U.S. Department of Justice, Office Of Justice Programs, Innovation - Partnerships - Safer Neighborhoods
Office of Juvenile Justice and Delinquency Prevention (OJJDP), Serving Children, Families, and Communities
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   Child Abduction: Resources for Victims and Families

 

The Office of Juvenile Justice and Delinquency Prevention (OJJDP) has developed several publications to support child abduction victims and their families.

AMBER Alert logoAMBER Alert Joins Twitter (February 2014), an article from OJJDP’s News @ a Glance, highlights the availability of an AMBER Alert Twitter account, which will make it easier for the Alerts to reach followers.
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cover of Guide for  Implementing or Enhancing an Endangered Missing AdvisoryGuide for Implementing or Enhancing an Endangered Missing Advisory (March 2011) provides AMBER Alert coordinators, law enforcement, and public safety professionals with an effective and efficient way to implement an Endangered Missing Advisory (EMA) plan.
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Cover: Crime of Family Abduction: A Child's and Parent's Perspective

Crime of Family Abduction: A Child's and Parent's Perspective (May 2010) dispels the prevailing misconceptions surrounding family abduction by providing a firsthand account of the psychological trauma and physical dangers often faced by children who are abducted by family members. Includes strategies to help parents searching for their children cope with the aftermath of the abduction.
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Spanish Abstract | Spanish PDF

Cover: You're Not Alone: The Journey From Abduction to Empowerment You're Not Alone: The Journey From Abduction to Empowerment (May 2008) presents the stories of several child abduction survivors and how they have grown and developed since their traumatic experiences. Written by the survivors themselves, the publication provides information to help other child abduction survivors cope with their own experiences and begin their journeys towards a better future.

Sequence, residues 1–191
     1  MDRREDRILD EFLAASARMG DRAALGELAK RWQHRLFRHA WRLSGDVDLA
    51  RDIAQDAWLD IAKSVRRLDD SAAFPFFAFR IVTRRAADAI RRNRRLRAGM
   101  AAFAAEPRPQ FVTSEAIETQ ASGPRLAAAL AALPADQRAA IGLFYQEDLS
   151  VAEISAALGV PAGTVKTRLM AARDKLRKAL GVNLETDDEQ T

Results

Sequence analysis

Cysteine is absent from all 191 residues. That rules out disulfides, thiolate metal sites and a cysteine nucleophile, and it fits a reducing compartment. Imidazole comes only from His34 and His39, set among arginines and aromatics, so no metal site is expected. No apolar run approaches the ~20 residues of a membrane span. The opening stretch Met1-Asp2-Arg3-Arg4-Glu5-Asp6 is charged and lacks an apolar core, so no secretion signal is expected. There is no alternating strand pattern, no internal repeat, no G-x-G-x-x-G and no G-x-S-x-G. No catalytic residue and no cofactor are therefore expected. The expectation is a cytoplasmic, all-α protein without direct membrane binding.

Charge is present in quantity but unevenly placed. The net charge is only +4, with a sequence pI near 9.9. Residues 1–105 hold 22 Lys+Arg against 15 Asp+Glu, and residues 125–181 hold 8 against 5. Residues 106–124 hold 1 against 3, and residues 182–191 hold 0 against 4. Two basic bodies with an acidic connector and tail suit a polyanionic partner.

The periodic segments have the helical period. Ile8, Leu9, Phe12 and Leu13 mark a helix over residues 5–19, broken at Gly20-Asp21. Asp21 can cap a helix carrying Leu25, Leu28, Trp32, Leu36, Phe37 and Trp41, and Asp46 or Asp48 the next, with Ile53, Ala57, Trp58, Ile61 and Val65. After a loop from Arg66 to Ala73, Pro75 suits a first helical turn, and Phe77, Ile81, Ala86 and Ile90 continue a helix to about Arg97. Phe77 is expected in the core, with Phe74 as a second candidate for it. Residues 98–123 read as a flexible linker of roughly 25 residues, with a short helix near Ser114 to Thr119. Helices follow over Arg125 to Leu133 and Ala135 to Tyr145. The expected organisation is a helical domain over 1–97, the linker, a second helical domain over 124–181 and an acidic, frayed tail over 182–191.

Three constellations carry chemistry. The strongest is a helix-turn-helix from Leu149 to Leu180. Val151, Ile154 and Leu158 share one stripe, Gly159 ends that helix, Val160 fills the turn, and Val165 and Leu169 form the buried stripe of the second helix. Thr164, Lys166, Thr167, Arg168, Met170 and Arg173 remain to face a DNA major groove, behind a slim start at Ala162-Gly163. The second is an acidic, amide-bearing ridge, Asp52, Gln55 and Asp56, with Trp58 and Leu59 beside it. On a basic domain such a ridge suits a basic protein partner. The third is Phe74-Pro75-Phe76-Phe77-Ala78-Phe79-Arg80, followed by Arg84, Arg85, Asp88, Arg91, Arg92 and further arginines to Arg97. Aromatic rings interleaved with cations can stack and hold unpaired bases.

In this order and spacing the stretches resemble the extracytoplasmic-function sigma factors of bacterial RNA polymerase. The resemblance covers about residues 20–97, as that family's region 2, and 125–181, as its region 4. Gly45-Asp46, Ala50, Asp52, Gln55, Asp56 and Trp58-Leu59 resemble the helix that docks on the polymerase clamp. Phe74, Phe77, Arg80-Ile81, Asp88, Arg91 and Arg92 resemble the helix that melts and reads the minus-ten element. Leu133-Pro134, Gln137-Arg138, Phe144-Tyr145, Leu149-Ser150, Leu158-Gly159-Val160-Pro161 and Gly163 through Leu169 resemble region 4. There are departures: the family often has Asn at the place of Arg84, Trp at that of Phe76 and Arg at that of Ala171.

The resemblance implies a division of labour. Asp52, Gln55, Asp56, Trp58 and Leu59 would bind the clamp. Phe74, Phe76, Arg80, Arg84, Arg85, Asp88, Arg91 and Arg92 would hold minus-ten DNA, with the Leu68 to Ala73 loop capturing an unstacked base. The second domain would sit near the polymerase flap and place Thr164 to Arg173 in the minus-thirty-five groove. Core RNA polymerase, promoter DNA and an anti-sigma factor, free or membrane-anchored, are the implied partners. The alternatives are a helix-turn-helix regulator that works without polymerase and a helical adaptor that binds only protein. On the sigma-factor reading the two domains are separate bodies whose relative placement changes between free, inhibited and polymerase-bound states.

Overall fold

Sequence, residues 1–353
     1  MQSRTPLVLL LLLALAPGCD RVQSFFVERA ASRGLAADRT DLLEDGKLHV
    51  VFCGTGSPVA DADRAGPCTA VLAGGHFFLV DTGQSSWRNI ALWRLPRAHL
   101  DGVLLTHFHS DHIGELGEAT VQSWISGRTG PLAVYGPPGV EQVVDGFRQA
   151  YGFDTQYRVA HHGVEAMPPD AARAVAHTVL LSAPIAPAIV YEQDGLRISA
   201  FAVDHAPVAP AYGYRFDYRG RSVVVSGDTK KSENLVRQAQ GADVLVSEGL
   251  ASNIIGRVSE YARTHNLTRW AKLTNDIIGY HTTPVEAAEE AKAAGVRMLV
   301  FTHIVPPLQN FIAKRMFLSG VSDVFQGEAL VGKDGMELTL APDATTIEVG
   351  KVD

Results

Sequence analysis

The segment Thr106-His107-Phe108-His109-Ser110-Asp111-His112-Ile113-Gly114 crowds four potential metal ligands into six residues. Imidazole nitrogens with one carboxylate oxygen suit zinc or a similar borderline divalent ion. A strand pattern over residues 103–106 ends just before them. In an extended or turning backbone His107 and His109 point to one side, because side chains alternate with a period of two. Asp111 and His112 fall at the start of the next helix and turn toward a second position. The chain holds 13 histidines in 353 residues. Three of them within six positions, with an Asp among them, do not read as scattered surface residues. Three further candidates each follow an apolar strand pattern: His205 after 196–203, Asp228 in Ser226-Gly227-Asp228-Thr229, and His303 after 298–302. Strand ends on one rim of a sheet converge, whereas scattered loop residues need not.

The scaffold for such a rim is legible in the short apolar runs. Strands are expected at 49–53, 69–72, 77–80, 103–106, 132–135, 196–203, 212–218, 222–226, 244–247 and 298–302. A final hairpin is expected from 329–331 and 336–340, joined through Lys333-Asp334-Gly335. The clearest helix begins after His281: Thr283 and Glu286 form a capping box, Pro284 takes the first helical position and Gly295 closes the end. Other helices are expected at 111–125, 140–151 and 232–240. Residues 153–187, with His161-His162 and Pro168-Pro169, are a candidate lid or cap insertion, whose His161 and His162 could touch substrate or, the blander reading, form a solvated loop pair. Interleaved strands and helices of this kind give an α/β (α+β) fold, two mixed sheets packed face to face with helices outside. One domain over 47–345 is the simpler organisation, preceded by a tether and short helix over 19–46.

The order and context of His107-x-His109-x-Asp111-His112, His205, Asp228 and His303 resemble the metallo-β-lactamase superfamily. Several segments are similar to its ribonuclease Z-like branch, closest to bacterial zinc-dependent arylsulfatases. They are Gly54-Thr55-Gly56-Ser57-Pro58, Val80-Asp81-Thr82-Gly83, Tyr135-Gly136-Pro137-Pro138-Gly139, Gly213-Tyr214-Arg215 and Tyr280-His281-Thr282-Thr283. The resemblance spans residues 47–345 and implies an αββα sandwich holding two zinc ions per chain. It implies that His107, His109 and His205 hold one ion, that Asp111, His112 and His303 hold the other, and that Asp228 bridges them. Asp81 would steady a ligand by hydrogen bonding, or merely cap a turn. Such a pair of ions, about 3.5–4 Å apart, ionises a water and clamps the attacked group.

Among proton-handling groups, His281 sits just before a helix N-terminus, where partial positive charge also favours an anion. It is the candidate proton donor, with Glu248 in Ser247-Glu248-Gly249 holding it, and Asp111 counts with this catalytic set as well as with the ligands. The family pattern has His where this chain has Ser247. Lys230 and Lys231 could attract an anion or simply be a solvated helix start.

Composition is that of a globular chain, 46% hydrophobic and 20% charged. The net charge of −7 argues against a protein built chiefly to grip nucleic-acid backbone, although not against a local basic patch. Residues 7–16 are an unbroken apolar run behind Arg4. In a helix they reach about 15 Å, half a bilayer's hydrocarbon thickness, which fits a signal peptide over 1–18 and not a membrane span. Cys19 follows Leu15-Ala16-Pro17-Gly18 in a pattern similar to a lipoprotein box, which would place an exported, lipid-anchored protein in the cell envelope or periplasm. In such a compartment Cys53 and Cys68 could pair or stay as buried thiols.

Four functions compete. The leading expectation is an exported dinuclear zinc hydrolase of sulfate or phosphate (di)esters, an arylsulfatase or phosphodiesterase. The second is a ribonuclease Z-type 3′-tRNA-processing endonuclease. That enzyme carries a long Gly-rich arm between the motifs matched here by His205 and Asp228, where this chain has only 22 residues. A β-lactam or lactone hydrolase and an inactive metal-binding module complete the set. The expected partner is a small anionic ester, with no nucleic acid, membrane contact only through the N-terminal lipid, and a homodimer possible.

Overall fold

Abstract | PDF | order button
Spanish Abstract | Spanish PDF | order button

Cover: What About Me? Coping With the Abduction of a Brother or SisterWhat About Me? Coping With the Abduction of a Brother or Sister (May 2007), written by siblings of children who have been abducted, provides information to help and support children of all ages when their brother or sister is kidnapped.
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Spanish Abstract | Spanish PDF | order button

Cover: When Your Child Is Missing: A Family Survival GuideWhen Your Child Is Missing: A Family Survival Guide (May 2010) provides parents with the most current information on, and helpful insights into, what families should do when a child is missing. Contains advice concerning what to expect when a child is missing, what needs to be done, and where to go for help.
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Spanish Abstract | Spanish PDF

Resources for Parents and Families of Missing or Abducted Children

law enforceLocal Law Enforcement. If your child is missing, immediately call your local law enforcement agency to make a report. Be prepared to give the law enforcement agency information about your child, including his or her name, date of birth, height, weight, and any other unique identifiers such as eyeglasses and braces. Tell them when you noticed that your child was missing and what clothing he or she was wearing. Request that your child's name and identifying information be immediately entered into the National Crime Information Center (NCIC) Missing Person File.

National Center for Missing & Exploited Children logo

The National Center for Missing & Exploited Children (NCMEC) was established in 1984 to help prevent child abduction and sexual exploitation, find missing children, and assist victims and their families. To access their resources, visit their Web site at www.missingkids.com or call NCMEC at 800–THE–LOST (800–843–5678).

Association of Missing and Exploited Children's Organizations logoThe Association of Missing and Exploited Children's Organizations (AMECO) is a membership organization of nonprofit local agencies in the United States and Canada that provide services to the families of missing children. They can help with resource referrals as well as advocacy, poster and flier development and dissemination, and aid to local law enforcement. Visit their Web site at www.amecoinc.org or call them at 877–263–2620.

Team H.O.P.E. (Help Offering Parents Empowerment) is a parent mentoring and support program for families of missing children. Made up of parent volunteers, Team H.O.P.E. provides mentoring services, counseling, and emotional support for both parents and other family members. Volunteers can be reached at 866–305–HOPE (4673). Visit their Web site at www.missingkids.com/TeamHOPE.

Federal Bureau of Investigation (FBI): Child ID App
The FBI’s Child ID App is a free tool that provides a convenient place to electronically store photos and vital information about your children so that it is immediately accessible if you need it.

For More Information

subscribe to Juvjust iconNews and information about OJJDP are also available by subscribing to the Office's JUVJUST listserv and the bimonthly online newsletter OJJDP News @ a Glance.

NCJRS bannerAdditional information about the topic of child protection and other juvenile justice issues is available from the Office of Justice Programs' National Criminal Justice Reference Service (NCJRS). Visit the NCJRS Web site to learn more.

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